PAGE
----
100 Baggers is a book on finding and keeping stocks that increase 100X their value after purchase. The book was published in 2015 and has 220+ pages. the book details 365 companies that have returned 100X their value.
Book notes and summary
“Every human problem is an investment opportunity if you can anticipate the solution”. Except for thieves, who would buy locks?
Phelps figured out a few things about investing. He conducted a fascinating study on stocks that returned $100 for every $1 invested. Yes, 100 to 1. Phelps found hundreds of such stocks, bunches available in any single year, that you could have bought and enjoyed a 100-to-1 return on—if you had just held on. His basic conclusion can be summed up in the phrase “buy right and hold on.” Investors need to distinguish between activity and results.
What investors should do is focus on the business, not on market prices.
“Bear market smoke gets in one’s eyes,” and it blinds us to buying opportunities if we are too intent on market timing. The greatest fortunes come from gritting your teeth and holding on.
“There is a Wall Street saying that a situation is better than a statistic,” Phelps said. Relying only on published growth trends, profit margins and price-earnings ratios is not as important as understanding how a company could create value in the years ahead.
Don’t sell just because the price moved up or down, or because you need to realize a capital gain to offset a loss. You should sell rarely, and only when it is clear you made an error. One can argue every sale is a confession of error, and the shorter the time you’ve held the stock, the greater the error in buying it.
There are lots of ways to make money in markets, just as there are many ways to make a good pizza. Nonetheless, there is something to be said for a good pizza that almost anyone can make with the right ingredients.
We’re looking for insights and wisdom, not hard laws, and proofs. Investors have been conditioned to measure stock price performance based on quarterly or annual earnings but not on business performance.
The Biggest Hurdle to Making 100 Times Your Money
The biggest hurdle to making 100 times your money in a stock—or even just tripling it—may be the ability to stomach the ups and downs and hold on.
Analysis of 100 Baggers:
• The most powerful stock moves tended to be during extended periods of growing earnings accompanied by an expansion of the P/E ratio.
• These periods of P/E expansion often seem to coincide with periods of accelerating earnings growth.
• Some of the most attractive opportunities occur in beaten down, forgotten stocks, which perhaps after years of losses are returning to profitability.
• During such periods of rapid share price appreciation, stock prices can reach lofty P/E ratios. This shouldn’t necessarily deter one from continuing to hold the stock.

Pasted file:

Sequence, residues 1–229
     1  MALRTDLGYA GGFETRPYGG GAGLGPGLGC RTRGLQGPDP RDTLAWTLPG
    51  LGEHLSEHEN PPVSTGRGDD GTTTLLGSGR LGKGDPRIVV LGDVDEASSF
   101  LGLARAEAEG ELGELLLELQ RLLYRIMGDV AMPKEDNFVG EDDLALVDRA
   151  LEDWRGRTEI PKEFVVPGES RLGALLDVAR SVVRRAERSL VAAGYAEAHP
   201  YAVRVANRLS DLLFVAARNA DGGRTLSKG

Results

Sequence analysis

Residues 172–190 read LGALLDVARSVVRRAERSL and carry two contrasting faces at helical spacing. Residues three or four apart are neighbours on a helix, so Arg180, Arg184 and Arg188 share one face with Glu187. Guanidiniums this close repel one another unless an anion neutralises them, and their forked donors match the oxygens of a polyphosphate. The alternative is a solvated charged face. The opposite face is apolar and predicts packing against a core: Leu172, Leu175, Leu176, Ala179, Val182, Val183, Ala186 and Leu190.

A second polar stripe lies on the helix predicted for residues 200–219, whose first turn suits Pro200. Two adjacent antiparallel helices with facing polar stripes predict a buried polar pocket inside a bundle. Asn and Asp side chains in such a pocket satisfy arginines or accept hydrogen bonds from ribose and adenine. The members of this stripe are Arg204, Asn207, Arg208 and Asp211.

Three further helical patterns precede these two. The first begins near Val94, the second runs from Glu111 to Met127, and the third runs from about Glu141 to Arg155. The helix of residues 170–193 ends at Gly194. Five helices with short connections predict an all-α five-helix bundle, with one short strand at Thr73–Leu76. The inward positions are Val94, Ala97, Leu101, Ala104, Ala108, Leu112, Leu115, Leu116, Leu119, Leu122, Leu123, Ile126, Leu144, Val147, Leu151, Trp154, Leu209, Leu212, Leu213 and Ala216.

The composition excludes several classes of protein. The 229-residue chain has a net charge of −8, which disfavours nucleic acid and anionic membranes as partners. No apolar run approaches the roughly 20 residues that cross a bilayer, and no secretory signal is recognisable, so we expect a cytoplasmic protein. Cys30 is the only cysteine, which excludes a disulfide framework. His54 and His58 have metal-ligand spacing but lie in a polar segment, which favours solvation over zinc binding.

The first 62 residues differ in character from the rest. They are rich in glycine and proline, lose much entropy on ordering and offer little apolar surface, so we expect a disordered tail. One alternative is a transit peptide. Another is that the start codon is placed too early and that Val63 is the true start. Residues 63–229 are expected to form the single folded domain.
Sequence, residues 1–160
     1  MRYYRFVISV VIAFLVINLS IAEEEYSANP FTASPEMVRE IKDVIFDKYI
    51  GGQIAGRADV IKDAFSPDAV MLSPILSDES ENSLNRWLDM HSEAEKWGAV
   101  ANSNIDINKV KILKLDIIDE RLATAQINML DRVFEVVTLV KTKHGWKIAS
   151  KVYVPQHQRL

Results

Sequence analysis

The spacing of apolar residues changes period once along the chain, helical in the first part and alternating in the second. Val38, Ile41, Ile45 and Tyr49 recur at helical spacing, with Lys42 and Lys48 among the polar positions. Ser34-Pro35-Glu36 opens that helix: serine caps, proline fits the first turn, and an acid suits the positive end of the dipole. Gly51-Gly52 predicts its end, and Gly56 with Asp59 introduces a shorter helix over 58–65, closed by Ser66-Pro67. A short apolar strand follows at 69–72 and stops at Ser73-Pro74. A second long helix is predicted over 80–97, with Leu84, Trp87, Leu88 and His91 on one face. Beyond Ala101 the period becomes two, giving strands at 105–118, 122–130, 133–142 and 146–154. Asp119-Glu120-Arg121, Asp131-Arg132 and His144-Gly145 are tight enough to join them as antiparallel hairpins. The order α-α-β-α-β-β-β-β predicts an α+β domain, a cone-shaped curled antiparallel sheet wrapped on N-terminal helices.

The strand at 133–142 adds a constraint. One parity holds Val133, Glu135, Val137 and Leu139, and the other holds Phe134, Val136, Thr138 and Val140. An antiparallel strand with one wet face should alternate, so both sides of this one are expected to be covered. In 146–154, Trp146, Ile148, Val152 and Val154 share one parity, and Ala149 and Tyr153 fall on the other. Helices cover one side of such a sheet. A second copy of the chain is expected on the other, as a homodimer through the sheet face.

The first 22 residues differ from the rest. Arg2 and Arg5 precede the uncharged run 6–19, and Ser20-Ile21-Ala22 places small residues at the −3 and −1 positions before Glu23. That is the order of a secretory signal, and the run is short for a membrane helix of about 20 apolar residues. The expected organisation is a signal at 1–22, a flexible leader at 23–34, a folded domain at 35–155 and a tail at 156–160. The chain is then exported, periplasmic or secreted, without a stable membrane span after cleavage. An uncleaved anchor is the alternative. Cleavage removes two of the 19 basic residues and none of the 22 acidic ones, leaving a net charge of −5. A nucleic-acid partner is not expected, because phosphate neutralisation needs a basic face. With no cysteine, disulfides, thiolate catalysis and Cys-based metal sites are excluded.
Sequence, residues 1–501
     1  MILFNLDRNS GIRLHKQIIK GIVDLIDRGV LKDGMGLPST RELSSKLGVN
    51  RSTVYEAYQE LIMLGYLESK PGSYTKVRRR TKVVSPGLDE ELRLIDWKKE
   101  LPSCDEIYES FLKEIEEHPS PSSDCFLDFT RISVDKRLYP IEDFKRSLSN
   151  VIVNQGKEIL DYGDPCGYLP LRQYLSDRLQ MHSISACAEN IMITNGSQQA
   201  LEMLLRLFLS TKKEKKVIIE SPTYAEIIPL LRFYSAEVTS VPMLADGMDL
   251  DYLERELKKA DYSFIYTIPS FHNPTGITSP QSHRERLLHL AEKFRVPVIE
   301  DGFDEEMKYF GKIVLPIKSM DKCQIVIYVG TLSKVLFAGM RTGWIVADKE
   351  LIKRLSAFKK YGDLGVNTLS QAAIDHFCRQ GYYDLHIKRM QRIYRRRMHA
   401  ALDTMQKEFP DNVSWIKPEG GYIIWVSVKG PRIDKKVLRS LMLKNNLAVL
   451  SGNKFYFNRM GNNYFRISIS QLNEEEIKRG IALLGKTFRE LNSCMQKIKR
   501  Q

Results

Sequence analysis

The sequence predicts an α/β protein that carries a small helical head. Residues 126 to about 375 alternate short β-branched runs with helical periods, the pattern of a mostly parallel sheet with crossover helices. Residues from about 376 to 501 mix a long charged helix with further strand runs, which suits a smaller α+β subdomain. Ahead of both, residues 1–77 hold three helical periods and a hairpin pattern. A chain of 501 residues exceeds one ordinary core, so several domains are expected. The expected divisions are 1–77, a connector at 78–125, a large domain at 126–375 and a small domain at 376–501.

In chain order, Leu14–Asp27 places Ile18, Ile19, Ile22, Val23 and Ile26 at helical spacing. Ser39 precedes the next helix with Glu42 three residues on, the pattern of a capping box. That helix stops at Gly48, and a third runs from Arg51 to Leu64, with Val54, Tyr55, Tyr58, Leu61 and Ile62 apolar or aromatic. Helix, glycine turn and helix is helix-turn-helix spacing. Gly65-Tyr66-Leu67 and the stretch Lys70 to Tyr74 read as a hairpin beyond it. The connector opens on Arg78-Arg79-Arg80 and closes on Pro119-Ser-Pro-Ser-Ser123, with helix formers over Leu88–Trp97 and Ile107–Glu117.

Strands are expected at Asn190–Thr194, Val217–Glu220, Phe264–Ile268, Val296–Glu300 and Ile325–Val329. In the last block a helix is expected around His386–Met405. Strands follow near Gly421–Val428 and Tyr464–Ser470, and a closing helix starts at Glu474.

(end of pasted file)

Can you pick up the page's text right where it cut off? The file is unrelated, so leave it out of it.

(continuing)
The key to 100-baggers
Many 100-baggers enjoyed high ROEs, 15 percent or better in most years. It’s important to have a company that can reinvest its profits at a high rate (20 percent or better). ROE is a good starting point and decent proxy. I wouldn’t be a slave to it or any number, but the concept is important.
Owner Operators: Skin in the Game
Keep the list of names relatively short. And focus on the best ideas. When you hit that 100-bagger, you want it to matter.
100-baggers distilled: essential principles
- You Have to Look for Them: “When looking for the biggest game, be not tempted to shoot at anything small.” You only have so much time and so many resources to devote to stock research. Focus your efforts on the big game: The elephants. The 100-baggers.
- Growth, Growth and More Growth: You want to focus on growth in sales and earnings per share.
- Lower Multiples Preferred: Great stocks have a ready fan club, and many will spend most of their time near their 52-week highs, as you’d expect. It is rare to get a great business at dirt-cheap prices. If you spend your time trolling stocks with price–earnings ratios of five or trading at deep discounts to book value or the like, you’re hunting in the wrong fields— at least as far as 100-baggers go. You may get lucky there, of course, but the targets are richer in less austere settings.
- Economic Moats Are a Necessity: A 100-bagger requires a high return on capital for a long time. A moat, by definition, is what allows a company to get that return.
- Smaller Companies Preferred: Start with acorns, wind up with oak trees. The median sales figure of the 365 names in the study was about $170 million.
- Owner-Operators Preferred: Having a great owner-operator also adds to your conviction. I find it easier to hold onto a stock through the rough patches knowing I have a talented owner-operator with skin in the game at the helm.
- You Need Time: Use the Coffee-Can Approach as a Crutch: Once you do all this work to find a stock that could become a 100-bagger, you need to give it time. Even the fastest 100-baggers in our study needed about five years to get there. A more likely journey will take 20–25 years.
- You Need a Really Good Filter: Don’t fret so much with guesses as to where the stock market might go. Keep looking for great ideas. If history is any guide, they are always out there.
- Luck Helps: Just as in life, so in the pursuit of 100-baggers. Good luck helps.
- You Should Be a Reluctant Seller: If the job has been correctly done when a common stock is purchased, the time to sell it is—almost never. Sell if: You’ve made a mistake—that is, “the factual background of the particular company is less favorable than originally believed.” The stock no longer meets your investment criteria. You want to switch into something better—although an investor should be careful here and only switch if “very sure of his ground.”